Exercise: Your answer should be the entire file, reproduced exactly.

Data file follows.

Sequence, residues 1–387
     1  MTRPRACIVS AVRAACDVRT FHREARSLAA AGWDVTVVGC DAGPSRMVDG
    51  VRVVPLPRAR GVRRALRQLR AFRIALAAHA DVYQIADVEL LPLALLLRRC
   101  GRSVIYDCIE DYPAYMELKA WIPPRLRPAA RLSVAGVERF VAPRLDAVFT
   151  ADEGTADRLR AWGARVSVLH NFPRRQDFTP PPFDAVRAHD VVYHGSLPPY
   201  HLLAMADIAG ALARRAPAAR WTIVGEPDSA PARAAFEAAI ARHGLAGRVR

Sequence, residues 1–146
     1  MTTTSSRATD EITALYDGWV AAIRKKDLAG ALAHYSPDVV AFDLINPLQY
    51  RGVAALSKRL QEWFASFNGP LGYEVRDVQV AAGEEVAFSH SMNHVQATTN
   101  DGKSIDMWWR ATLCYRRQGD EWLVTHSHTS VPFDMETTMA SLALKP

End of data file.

Sequence, residues 1–387
     1  MTRPRACIVS AVRAACDVRT FHREARSLAA AGWDVTVVGC DAGPSRMVDG
    51  VRVVPLPRAR GVRRALRQLR AFRIALAAHA DVYQIADVEL LPLALLLRRC
   101  GRSVIYDCIE DYPAYMELKA WIPPRLRPAA RLSVAGVERF VAPRLDAVFT
   151  ADEGTADRLR AWGARVSVLH NFPRRQDFTP PPFDAVRAHD VVYHGSLPPY
   201  HLLAMADIAG ALARRAPAAR WTIVGEPDSA PARAAFEAAI ARHGLAGRVR

Sequence, residues 1–146
     1  MTTTSSRATD EITALYDGWV AAIRKKDLAG ALAHYSPDVV AFDLINPLQY
    51  RGVAALSKRL QEWFASFNGP LGYEVRDVQV AAGEEVAFSH SMNHVQATTN
   101  DGKSIDMWWR ATLCYRRQGD EWLVTHSHTS VPFDMETTMA SLALKP